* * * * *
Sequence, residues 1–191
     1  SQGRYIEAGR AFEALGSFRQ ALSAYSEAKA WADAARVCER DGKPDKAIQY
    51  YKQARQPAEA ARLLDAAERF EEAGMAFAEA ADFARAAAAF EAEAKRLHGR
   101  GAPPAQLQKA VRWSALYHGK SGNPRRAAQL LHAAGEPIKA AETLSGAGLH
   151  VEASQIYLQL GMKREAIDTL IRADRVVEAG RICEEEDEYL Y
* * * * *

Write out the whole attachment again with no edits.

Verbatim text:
Sequence, residues 1–191
     1  SQGRYIEAGR AFEALGSFRQ ALSAYSEAKA WADAARVCER DGKPDKAIQY
    51  YKQARQPAEA ARLLDAAERF EEAGMAFAEA ADFARAAAAF EAEAKRLHGR
   101  GAPPAQLQKA VRWSALYHGK SGNPRRAAQL LHAAGEPIKA AETLSGAGLH
   151  VEASQIYLQL GMKREAIDTL IRADRVVEAG RICEEEDEYL Y